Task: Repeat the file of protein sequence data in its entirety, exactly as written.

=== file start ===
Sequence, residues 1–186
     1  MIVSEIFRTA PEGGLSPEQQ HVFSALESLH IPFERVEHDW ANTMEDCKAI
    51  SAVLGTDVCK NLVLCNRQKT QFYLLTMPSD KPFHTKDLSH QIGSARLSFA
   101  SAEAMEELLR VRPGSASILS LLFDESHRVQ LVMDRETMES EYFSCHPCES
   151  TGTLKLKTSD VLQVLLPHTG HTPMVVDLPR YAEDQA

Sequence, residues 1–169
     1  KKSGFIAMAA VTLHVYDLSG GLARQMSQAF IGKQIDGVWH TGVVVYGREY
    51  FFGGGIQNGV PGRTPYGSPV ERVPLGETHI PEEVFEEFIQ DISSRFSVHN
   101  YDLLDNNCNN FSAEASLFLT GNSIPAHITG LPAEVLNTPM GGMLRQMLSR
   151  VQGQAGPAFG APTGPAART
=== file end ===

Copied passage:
Sequence, residues 1–186
     1  MIVSEIFRTA PEGGLSPEQQ HVFSALESLH IPFERVEHDW ANTMEDCKAI
    51  SAVLGTDVCK NLVLCNRQKT QFYLLTMPSD KPFHTKDLSH QIGSARLSFA
   101  SAEAMEELLR VRPGSASILS LLFDESHRVQ LVMDRETMES EYFSCHPCES
   151  TGTLKLKTSD VLQVLLPHTG HTPMVVDLPR YAEDQA

Sequence, residues 1–169
     1  KKSGFIAMAA VTLHVYDLSG GLARQMSQAF IGKQIDGVWH TGVVVYGREY
    51  FFGGGIQNGV PGRTPYGSPV ERVPLGETHI PEEVFEEFIQ DISSRFSVHN
   101  YDLLDNNCNN FSAEASLFLT GNSIPAHITG LPAEVLNTPM GGMLRQMLSR
   151  VQGQAGPAFG APTGPAART